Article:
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We've, um, changed our password policy, says CafePress amid reports of 23m pwned accounts

Three-quarters of email addys already in breach database

Twee T-shirts 'n' merch purveyor CafePress had 23 million user records swiped – reportedly back in February – and this morning triggered a mass password reset, calling it a change in internal policy.

Details of the security breach emerged when infosec researcher Troy Hunt's Have I Been Pwned service – which lists websites known to have been hacked, allowing people to check if their information has been stolen – began firing out emails to affected people in the small hours of this morning.

According to HIBP, a grand total of 23,205,290 CafePress customers' data was swiped by miscreants, including email addresses, names, phone numbers, and physical addresses.

We have asked CafePress to explain itself and will update this article if the company responds. There was no indication on its UK or US websites at the time of writing to indicate that the firm had acknowledged any breach.

Darren Pauli, late of this parish, was affected and discovered this screen when he logged into CafePress to change his password:

He told El Reg: "I went to log into CafePress to see if they had my current street address and it threw that 'change password' page. No sign anywhere on the homepage or login of the breach – which Hunt puts as February this year – and no email in my inbox from them to notify me."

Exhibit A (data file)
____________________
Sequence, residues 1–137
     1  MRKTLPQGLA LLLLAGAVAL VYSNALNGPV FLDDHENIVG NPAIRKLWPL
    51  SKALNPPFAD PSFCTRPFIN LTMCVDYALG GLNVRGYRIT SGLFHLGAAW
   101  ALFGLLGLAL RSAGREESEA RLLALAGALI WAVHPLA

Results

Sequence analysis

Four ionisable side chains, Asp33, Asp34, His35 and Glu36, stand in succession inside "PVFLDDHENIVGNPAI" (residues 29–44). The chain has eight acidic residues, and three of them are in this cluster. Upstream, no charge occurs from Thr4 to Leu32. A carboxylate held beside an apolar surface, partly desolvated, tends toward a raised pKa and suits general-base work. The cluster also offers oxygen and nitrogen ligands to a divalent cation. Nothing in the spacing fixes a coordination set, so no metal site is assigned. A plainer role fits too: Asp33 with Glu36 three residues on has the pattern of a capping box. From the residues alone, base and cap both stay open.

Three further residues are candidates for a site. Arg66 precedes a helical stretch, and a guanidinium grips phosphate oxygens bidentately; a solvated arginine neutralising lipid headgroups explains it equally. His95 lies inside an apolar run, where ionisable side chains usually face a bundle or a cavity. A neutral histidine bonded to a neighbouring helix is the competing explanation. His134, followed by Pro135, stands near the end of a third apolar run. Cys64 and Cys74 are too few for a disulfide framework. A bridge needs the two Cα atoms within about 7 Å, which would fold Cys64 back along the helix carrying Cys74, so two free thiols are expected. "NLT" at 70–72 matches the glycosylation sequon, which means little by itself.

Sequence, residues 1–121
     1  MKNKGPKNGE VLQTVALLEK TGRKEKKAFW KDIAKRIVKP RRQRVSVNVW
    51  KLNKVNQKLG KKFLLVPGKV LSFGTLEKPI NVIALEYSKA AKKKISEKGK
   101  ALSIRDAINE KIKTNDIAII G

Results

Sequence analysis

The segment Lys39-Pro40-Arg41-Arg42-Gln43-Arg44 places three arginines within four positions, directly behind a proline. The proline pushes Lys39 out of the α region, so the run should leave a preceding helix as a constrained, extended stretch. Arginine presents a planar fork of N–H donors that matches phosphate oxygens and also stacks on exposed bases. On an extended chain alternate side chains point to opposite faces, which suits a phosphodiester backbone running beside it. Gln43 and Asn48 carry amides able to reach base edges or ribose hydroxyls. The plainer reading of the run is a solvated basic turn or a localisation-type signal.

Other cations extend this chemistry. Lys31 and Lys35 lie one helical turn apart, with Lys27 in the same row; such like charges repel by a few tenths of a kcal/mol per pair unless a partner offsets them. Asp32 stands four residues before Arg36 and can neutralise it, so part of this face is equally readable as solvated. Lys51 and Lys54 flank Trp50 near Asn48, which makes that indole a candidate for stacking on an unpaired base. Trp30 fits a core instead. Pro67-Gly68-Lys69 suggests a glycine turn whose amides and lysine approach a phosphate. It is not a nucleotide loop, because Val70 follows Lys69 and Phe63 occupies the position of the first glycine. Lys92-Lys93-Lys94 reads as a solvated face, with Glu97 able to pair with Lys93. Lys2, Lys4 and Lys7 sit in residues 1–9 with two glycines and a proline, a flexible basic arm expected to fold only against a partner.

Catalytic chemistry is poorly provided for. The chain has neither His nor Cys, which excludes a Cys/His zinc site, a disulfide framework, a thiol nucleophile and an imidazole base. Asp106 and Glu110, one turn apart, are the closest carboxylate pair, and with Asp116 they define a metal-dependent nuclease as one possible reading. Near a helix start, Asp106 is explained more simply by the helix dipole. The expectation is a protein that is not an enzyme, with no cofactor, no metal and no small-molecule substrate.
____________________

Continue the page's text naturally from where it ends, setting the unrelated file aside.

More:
CafePress had not contacted him proactively, he said.

Professor Alan Woodward of the University of Surrey opined that the breach must have been "as big a surprise to them as to their customers", while wondering whether, given the evident lack of response so far from CafePress, whether the attackers had merely made off with 24 million people's data or had left "something still in there phoning home".

Musing on the 77 per cent of email addresses from the breach having been seen in previous HIBP reports, Woodward said that factoid "brings me to a problem that isn't being discussed that much, and which this kind of breach does highlight: the use of email as the user name. It's clearly meant to make life easier for users, but the trouble is once hackers know an email has been used as a username in one place it is instantly useful for mounting credential-stuffing attacks elsewhere."

"I wonder," he told The Register, "if we shouldn't be using unique usernames and passwords for each site. However, it would mean that it becomes doubly difficult to keep track of your credentials, especially if you're using different strong passwords for each site, which I hope they are. But all users need do is start using a password manager, which I really wish they would."

The standard post-breach advice is to change your passwords, especially any on sites where you have reused those credentials (which you shouldn't do, by the way), keep extra vigilant for any signs of login attempts or password resets that you didn't initiate, and stay vigilant for any phishing attempts. ®

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